Getting your garden ready for the summer

The clocks have gone forward, the days are getting longer and it’s time to start looking forward to the summer months ahead. Maybe you are dreaming of relaxing on your own in the garden with a morning coffee, or socialising with friends around the barbecue.  Whatever your summer wishes are, your garden needs to be ready for outdoor living again. However, please don’t rush to create a super-tidy space!  Often this is not the best habitat for garden birds and insects.  For example, it’s a good idea to leave ornamental grasses and herbaceous plants as long as possible before cutting back, to provide shelter and food for wildlife.  As you would expect,  there are other useful things you can do now to get your garden ready for the longer, warmer days ahead. Here are four easy gardening steps to start the process of creating a summer-ready garden.

1 – Take care of the soil

If the soil in your borders is impoverished, then it is a good idea to top-dress it with organic matter.  Do this before too many bulbs and lots of new growth emerges. Mushroom compost, composted bark or green waste compost is good but ideally you will have made your own compost.  Check out the RHS guide for advice on home composting.

2 – Look after your lawn

Edging around your lawn will re-define its overall shape. You need to decide whether you are aiming for a traditional lawn – with short, green shards of grass – or whether you want to nurture a more naturalistic look for at least part of your lawn area. The gardening regime will be quite different for each of these options.  With a traditional lawn, it’s important to remove dead thatch that may have built up by scarifying the lawn (vigorously pulling a spring-tine rake through the grass sward).  If you have a large lawn, then an electric scarifier would be better.  If you are planning to feed your lawn, wait until there have been some ‘April showers’ to avoid scorching the grass.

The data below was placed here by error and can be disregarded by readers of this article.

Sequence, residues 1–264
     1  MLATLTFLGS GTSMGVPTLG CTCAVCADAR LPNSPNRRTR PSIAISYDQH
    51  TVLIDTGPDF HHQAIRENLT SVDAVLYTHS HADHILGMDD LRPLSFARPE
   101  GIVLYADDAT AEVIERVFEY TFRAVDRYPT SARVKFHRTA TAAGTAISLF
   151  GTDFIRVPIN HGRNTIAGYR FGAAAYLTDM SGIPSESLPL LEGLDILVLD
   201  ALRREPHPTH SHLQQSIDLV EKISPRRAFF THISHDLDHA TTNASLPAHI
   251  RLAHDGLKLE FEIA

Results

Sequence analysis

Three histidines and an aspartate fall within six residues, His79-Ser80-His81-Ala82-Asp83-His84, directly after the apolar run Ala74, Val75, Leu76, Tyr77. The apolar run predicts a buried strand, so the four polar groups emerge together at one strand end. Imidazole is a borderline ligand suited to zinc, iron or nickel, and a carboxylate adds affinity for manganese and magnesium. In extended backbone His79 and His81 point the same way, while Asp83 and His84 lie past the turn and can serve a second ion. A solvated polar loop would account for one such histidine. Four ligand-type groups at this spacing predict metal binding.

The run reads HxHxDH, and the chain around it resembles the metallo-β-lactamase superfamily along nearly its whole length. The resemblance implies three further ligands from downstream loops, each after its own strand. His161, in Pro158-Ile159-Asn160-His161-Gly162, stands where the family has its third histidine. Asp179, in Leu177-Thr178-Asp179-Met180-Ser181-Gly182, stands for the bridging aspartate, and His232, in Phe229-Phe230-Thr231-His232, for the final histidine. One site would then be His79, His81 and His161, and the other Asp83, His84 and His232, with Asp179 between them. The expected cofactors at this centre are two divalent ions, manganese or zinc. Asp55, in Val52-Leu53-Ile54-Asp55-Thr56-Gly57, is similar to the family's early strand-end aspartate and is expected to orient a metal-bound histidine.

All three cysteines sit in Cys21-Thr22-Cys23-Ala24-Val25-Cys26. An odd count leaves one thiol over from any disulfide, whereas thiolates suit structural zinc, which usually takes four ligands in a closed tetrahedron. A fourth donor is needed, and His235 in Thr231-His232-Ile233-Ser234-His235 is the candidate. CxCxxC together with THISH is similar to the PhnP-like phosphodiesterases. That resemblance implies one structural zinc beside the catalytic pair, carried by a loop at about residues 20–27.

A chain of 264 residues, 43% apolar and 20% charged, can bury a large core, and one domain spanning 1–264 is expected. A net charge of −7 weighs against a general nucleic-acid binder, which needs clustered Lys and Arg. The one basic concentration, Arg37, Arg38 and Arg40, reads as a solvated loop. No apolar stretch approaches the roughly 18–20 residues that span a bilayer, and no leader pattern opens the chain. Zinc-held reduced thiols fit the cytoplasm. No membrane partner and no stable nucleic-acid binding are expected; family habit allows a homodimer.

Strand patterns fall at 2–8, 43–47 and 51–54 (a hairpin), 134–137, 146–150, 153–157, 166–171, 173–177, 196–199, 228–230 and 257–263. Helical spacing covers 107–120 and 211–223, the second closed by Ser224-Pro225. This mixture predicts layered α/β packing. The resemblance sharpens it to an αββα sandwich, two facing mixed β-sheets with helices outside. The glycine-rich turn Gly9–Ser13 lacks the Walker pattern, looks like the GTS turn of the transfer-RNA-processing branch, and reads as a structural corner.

Barn style building with naturalistic garden
Naturalistic garden designed by James Scott

For a naturalistic lawn/meadow, then March and April are the ideal times to plant a wildflower seed mix.  This will start growing within a few weeks. By nurturing a meadow (or mini-meadow) rather than a lawn, you can recreate the atmosphere of an open, uncultivated field in the English countryside. Wildflowers, flowering plants and native or naturalised grasses will attract butterflies, bees, spiders, birds and small mammals.  The area needs to be located somewhere that is sunny for most of the day.  Aesthetically speaking, a wildflower meadow provides visual interest for many months.  It also offers great plant diversity and a changing colour palette throughout the seasons.

3 – Improve your planters and borders
©Clive Nichols                       Geum Totally Tangerine

Firstly, it is important to make sure your planters and borders are as free of weeds as possible.  Before long, there will be too much plant growth to really tackle them!  Secondly, spring is a great time to review your planting schemes and fill any gaps.  It is wise to remember the design principle of ‘rhythm and repetition’.  Avoid creating borders with too eclectic a plant mix.  A restricted colour palette can be very effective too.

Consider whether your borders have year-round interest and – if not – add later-flowering plants for late colour.  This will benefit the birds, insects and other wildlife visiting your garden too.  Some of my favourites for late flowers are: Hydrangea arborescens Strong Annabelle (the flowers are white but huge and impactful), Geum Totally Tangerine (with soft tangerine flowers which continue until the first frosts) and Salvia nemorosa ‘Caradonna’ (with masses of violet flowers) and Nepeta racemosa ‘Walker’s Low’ (also known as Catmint).

4 – Get pruning

Prune late-flowering shrubs for shape and elegance in the spring. Prune early-flowering shrubs such as Lilac and Ribes as soon as they have finished flowering. To encourage strong, new growth, prune Hydrangeas by cutting back just above a pair of healthy buds on each stem. Give Wisteria a final pruning back to 2 or 4 buds from the main stem to encourage flowering – this should be done in early spring.

Woodland garden designed by James Scott

With a little planning and preparation, it is possible to get your garden into great shape for the months ahead – whether you dream of relaxing in solitude in a green haven, socialising with friends and family in a beautiful setting or indeed making the most of a British ‘staycation’. Enjoy!

 If you are based in or around Hertfordshire, and you are short of the time it takes to get your garden ‘summer-ready’, why not check out our professional gardening and horticultural services here.

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